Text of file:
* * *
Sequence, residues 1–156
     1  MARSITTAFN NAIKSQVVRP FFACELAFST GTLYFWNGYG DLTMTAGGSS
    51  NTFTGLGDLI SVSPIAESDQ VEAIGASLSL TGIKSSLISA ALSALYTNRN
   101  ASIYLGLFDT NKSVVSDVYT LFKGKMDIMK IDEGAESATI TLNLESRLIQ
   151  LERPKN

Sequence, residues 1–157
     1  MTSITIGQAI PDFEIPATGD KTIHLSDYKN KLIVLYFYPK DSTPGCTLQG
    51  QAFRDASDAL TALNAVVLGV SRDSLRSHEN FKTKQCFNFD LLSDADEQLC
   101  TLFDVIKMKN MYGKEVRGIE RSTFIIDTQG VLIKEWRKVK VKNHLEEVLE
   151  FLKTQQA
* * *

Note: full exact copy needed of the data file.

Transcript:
Sequence, residues 1–156
     1  MARSITTAFN NAIKSQVVRP FFACELAFST GTLYFWNGYG DLTMTAGGSS
    51  NTFTGLGDLI SVSPIAESDQ VEAIGASLSL TGIKSSLISA ALSALYTNRN
   101  ASIYLGLFDT NKSVVSDVYT LFKGKMDIMK IDEGAESATI TLNLESRLIQ
   151  LERPKN

Sequence, residues 1–157
     1  MTSITIGQAI PDFEIPATGD KTIHLSDYKN KLIVLYFYPK DSTPGCTLQG
    51  QAFRDASDAL TALNAVVLGV SRDSLRSHEN FKTKQCFNFD LLSDADEQLC
   101  TLFDVIKMKN MYGKEVRGIE RSTFIIDTQG VLIKEWRKVK VKNHLEEVLE
   151  FLKTQQA